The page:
A HANDFUL of stocks stood out yesterday as the Australian sharemarket absorbed more bad news about Europe, employment rates in the US and weaker manufacturing in China.
Amid the sea of red were a few green numbers mostly stocks with high yields that were unlikely to be affected by a slowdown in global growth.
A 2? gain in Telstra's share price was enough to make telecommunications the only positive sector yesterday. Telstra shares closed at $3.66, but reached $3.68 during trading its highest intraday level since May 15. Trading volumes were unusually high.
RBS private client adviser Simon Ferguson said clients were selling any speculative holdings they might still have, shares in miners and shares in mining-related companies and buying sturdy high-yielding shares instead.
Telstra has a yield of nearly 11 per cent and the management has guaranteed a fully franked 28? dividend for this and next financial year.
"That yield is looking far more attractive in a falling interest rate environment," Mr Ferguson said. "[Telstra] could go up to $4 and still be on a higher yield than comparative companies."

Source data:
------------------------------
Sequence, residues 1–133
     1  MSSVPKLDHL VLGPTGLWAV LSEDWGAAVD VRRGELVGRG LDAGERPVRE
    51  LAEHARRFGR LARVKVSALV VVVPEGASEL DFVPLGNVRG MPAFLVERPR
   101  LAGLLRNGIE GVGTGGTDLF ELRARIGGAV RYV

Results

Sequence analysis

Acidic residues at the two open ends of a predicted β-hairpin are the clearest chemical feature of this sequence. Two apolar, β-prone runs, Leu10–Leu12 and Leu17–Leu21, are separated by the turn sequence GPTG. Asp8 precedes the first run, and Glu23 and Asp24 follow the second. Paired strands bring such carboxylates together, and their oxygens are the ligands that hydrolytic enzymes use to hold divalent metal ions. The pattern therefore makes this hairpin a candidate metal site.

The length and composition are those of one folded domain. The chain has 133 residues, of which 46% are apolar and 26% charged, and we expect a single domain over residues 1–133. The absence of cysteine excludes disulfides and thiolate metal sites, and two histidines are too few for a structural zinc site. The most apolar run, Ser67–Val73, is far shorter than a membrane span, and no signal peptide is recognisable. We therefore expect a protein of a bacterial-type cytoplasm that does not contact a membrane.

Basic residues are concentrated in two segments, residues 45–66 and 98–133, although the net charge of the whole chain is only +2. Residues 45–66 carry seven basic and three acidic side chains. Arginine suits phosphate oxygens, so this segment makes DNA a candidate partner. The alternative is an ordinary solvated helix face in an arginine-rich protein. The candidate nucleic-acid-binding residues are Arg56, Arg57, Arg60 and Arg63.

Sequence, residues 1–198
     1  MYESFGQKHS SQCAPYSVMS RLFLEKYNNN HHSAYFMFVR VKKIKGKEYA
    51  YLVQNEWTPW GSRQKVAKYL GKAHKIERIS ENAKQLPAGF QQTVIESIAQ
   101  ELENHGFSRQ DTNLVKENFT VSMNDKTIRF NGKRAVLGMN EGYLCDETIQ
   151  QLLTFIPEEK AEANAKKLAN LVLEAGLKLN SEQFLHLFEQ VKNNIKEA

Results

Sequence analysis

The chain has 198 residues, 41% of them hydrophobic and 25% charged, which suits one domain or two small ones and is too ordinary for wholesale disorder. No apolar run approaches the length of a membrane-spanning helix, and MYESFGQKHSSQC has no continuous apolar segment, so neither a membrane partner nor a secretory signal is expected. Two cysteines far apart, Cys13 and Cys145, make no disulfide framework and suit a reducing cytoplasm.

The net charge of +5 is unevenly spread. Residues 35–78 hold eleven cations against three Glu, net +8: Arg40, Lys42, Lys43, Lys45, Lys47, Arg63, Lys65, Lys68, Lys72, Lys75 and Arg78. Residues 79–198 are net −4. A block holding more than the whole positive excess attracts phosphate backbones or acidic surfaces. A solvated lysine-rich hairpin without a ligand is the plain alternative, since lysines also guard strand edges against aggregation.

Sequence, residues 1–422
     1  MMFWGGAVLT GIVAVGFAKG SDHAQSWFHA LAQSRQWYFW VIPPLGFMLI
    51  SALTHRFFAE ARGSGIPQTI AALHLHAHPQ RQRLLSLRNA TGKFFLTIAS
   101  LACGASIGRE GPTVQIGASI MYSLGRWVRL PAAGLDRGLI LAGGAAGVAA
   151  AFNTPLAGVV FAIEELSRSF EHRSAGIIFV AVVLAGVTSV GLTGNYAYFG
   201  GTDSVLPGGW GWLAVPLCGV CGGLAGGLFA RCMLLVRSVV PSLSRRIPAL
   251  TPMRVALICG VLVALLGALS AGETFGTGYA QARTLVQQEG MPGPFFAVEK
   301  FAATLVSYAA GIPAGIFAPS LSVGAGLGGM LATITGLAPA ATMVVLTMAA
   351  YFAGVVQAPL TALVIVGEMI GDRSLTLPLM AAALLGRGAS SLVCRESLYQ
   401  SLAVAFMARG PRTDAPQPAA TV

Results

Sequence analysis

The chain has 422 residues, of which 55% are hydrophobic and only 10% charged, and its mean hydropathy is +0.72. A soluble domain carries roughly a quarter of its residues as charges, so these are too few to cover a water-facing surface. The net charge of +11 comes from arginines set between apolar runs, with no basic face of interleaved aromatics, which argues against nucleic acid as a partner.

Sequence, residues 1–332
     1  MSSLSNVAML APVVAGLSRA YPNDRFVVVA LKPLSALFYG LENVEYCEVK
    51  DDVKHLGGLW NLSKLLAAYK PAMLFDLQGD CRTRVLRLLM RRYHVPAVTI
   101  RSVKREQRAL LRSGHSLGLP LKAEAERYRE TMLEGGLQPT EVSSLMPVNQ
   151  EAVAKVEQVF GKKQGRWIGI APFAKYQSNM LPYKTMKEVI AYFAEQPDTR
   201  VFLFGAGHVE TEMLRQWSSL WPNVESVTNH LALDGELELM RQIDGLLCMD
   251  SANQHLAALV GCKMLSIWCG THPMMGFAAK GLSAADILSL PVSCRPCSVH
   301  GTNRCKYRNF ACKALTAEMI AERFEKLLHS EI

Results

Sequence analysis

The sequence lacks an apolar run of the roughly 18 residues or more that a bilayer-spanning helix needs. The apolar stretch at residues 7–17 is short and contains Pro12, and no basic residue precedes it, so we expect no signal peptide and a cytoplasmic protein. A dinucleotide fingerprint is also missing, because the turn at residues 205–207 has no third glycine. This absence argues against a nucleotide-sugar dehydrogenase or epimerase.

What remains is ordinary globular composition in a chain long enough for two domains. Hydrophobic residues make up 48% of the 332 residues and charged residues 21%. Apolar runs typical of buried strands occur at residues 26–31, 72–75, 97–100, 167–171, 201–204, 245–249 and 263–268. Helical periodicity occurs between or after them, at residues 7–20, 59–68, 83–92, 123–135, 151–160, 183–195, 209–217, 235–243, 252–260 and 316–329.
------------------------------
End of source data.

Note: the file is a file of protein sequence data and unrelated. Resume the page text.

The Reserve Bank board will meet this afternoon and is expected to cut the official cash rate by at least 25 basis points to 3.5 per cent, the lowest since November 2009.
Telstra shares have been trading at two-year highs since chief executive David Thodey announced it would have between $2 billion and $3 billion in excess free cash flow over the next three years from its deal with NBN Co.
Other high-yielding stocks outperformed the S&P/ASX 200 yesterday, according to Aberdeen Asset Management portfolio manager Michelle Lopez.
"Stocks like Telstra, like utilities, they are steady cash-flow generators [and] are always going to be more attractive," Mrs Lopez said.
Tatts Group has a yield of 12 per cent and its shares rose 7? to $2.60 yesterday, gaining 1.1 per cent.
And electricity provider SP Ausnet closed 0.5 per cent higher, while the the market as a whole fell 1.9 per cent. SP Ausnet has a 12-month yield of about 8 per cent and has 90 per cent of its cash flow guaranteed through regulation, according to Mrs Lopez.